Agreement reached to develop basketball attraction in St. Stephen ~ Group wants to create legacy to history of the sport

Kathy Bockus/Courier Donnie Walker, left, a member of Canada1st Basketball Inc. and St. Croix Vocational Centre board member Tony Whittaker meet at “centre court” following the announcement of an agreement between the two groups for the purchase by C1BI of the historic property on King Street in St. Stephen for the development of a basketball museum. The former YMCA building contains the oldest original basketball floor in the world.

St. Stephen – An idea which began almost eight years ago may finally come to fruition.
St. Stephen could become home to a unique sports tourism attraction – the development of property containing the oldest remaining original basketball court in the world.

An announcement was made this week of an agreement in principle reached between Canada 1st Basketball Inc. (C1BI) and St. Croix Vocational Centre Inc. (SCVC) supporting the purchase and development of an historic property on King St. by C1BI.

The property is significant because the third floor gymnasium in the town’s former YMCA building – now used for storage by SCVC’s thrift store – is believed to be the oldest remaining original basketball court in the world.
Peter Corby, a spokesperson for the C1BI, expressed his gratitude to SCVC for opening the doors to a dream his group has had for several years.

“We know this decision was not taken lightly by SCVC, and that there is still a great deal of work to be done by both groups to make this a ‘win-win’.”
Corby said his group sees the agreement as a fantastic step forward. “Our organization is prepared to accept the challenge of creating a significant legacy to the history of the sport of basketball not only in Canada but in North America and the world.”

Tony Whittaker noted on behalf of the SCVC board of directors that they are equally pleased with this initial step, recognizing the importance of the agreement and the work ahead.

“The SCVC Thrift Store has such a positive history with the community of St. Stephen and beyond, and it’s vital to our mandate.”
The next step in the process is to develop a business plan, being undertaken by Vaughn McIntyre Consulting of Saint Andrews, which will find a new site for the thrift store while building on the organization’s capacity to meet its core service mandate.
The plan is scheduled for release in June.

“It’s an exciting time for both SCVC and Canada 1st Basketball and a very important step forward for the community as a whole,” said Whittaker.
A special event and progress update is being planned for Oct. 17 of this year, the 125th anniversary of the first basketball game on this court between a team from St. Stephen and Calais, Me. A news item obtained from The Saint Croix Courier dated Oct. 17, 1893, contains note of the game played then at what was the St. Stephen YMCA.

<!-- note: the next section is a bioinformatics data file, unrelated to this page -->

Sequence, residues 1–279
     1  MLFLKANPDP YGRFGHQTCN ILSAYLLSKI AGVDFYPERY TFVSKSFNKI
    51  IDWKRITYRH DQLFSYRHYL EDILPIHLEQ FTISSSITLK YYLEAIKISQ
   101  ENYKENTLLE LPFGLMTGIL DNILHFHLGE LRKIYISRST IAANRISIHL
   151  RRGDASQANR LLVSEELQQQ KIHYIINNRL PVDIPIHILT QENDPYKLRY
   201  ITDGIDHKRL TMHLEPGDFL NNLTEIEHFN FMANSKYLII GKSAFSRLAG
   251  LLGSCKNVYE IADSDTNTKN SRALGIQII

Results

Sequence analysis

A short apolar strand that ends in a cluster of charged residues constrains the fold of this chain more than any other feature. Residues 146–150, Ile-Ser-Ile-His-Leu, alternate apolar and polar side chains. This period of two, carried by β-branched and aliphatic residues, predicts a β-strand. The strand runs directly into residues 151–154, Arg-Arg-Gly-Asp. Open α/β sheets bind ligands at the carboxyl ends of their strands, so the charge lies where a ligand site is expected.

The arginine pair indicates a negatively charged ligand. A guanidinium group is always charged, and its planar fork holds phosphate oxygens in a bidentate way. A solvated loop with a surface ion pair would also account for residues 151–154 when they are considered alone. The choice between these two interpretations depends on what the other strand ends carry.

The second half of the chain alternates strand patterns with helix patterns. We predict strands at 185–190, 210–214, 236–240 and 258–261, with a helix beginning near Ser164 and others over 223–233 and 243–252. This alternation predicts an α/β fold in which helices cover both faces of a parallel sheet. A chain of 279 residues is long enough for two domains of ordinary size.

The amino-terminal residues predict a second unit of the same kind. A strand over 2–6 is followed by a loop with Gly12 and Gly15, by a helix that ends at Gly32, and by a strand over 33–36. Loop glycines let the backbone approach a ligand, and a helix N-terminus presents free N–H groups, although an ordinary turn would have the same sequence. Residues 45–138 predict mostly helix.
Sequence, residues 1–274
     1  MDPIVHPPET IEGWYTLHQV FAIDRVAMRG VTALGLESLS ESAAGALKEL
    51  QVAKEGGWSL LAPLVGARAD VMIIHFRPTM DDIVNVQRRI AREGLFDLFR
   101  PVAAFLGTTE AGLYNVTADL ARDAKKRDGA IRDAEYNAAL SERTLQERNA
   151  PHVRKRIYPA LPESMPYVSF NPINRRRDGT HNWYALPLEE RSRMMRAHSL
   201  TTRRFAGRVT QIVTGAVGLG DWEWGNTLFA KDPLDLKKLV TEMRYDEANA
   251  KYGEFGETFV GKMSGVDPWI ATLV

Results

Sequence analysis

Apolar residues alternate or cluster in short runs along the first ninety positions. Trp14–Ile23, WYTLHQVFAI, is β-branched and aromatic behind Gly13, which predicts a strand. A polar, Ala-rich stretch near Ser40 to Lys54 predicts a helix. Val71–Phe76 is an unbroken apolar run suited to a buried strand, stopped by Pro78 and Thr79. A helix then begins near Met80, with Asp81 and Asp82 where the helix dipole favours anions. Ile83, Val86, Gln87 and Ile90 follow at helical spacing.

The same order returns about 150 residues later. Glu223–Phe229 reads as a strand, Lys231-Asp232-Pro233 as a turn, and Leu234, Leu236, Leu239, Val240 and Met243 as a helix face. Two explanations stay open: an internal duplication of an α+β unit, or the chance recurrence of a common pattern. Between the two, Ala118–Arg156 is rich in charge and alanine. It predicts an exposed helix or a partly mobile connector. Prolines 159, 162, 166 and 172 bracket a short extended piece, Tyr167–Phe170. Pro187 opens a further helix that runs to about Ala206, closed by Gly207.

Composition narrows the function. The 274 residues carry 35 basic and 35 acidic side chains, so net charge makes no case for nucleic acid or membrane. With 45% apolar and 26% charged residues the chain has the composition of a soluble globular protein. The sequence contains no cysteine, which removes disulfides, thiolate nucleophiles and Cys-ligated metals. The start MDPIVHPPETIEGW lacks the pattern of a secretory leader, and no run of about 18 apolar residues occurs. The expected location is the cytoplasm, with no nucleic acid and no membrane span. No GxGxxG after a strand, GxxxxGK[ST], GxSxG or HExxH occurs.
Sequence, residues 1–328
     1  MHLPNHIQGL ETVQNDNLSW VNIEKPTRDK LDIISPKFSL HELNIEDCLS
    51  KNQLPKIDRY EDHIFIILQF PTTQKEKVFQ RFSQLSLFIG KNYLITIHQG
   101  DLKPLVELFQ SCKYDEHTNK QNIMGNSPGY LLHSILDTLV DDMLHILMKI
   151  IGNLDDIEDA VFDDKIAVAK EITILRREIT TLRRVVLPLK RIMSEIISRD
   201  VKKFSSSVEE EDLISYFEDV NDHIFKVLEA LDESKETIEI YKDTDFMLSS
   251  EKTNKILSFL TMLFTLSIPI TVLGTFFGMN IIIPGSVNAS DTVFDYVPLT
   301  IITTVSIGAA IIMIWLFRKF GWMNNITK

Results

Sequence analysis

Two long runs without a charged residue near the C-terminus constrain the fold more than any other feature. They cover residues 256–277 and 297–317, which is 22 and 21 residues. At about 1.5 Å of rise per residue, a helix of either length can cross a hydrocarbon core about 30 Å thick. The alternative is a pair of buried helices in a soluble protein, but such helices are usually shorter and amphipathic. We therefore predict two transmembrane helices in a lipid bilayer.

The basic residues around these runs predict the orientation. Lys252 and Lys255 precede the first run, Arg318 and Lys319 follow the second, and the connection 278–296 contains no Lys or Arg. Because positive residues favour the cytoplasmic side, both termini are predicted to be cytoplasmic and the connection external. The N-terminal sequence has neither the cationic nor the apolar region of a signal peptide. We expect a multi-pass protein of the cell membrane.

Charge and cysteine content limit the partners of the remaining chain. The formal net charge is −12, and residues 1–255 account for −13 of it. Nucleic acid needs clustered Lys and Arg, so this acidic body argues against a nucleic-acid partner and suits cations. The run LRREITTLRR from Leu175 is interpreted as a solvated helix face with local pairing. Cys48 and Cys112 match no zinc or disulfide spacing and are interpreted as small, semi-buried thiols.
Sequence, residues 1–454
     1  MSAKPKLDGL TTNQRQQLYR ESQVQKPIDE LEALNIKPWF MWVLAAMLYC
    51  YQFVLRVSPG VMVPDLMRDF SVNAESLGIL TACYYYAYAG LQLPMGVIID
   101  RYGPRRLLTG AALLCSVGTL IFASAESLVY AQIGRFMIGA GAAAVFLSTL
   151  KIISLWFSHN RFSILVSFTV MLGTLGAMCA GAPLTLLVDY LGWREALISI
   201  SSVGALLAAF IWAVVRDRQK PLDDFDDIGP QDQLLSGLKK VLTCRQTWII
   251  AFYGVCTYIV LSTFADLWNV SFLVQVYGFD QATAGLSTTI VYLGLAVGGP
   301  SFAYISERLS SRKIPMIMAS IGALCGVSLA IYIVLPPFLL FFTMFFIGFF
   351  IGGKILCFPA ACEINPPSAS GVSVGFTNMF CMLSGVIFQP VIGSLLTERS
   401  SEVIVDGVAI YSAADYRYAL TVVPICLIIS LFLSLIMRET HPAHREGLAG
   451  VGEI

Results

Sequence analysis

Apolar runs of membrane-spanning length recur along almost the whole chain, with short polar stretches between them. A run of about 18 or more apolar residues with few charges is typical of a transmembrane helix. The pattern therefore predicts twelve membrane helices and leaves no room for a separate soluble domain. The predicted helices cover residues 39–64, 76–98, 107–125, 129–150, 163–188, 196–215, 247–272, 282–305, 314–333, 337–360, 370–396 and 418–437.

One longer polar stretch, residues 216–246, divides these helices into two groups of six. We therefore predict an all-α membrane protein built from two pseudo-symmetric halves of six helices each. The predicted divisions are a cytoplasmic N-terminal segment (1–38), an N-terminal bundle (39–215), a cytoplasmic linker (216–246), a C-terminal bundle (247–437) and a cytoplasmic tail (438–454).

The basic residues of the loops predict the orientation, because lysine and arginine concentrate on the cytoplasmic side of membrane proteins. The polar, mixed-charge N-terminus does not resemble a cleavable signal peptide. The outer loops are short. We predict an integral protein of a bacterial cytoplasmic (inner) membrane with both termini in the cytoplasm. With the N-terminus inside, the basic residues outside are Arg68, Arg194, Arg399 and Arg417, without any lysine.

That building became a pharmacy and then Parsons Printing House and later, the SCVC Thrift Store, which still operates there today. After a fire in 2010, attention was focused on the fact the gymnasium floor was intact, and undamaged by the fire.

A recent study confirmed the historic significance of the property, and described the potential for a Basketball Heritage Museum. This also came at a time when St. Croix Vocational Centre, which provides employment opportunities for adults with challenges, was evaluating the need for more space to accommodate the Thrift Store.

Whittaker said it was decided that, contingent on development of an alternative site, this would be an opportunity for SCVC to evolve the Thrift Store operation and contribute back to the St. Stephen community by giving Canada 1st Basketball the opportunity to preserve and celebrate this piece of sporting history.

Saint Croix MLA John Ames, who is also New Brunswick Minister of Tourism, Culture and Heritage, said he was proud of the work done by the two groups on a project he supports and believes in, noting its potential to “draw more visitors, and aid in our collective effort to keep them longer.”

“There are many interesting aspects of a court with nostalgia and historic accolades that will no doubt bring basketball and sports enthusiasts from all around.”

Ames said there was much more to gain than just civic pride, and felt the project was an opportunity to bolster further economic and social conditions for the entire community.


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Journalist Kathy Bockus is based in St. Stephen and has worked for The Saint Croix Courier as a general news reporter and feature writer for the past 15 years. She began her lengthy newspaper career in 1974 with a daily in Saint John. Bockus says she always jokes being a reporter is a licence to be nosey, but firmly believes that everyone has a story to tell. She can be contacted at 321-0759.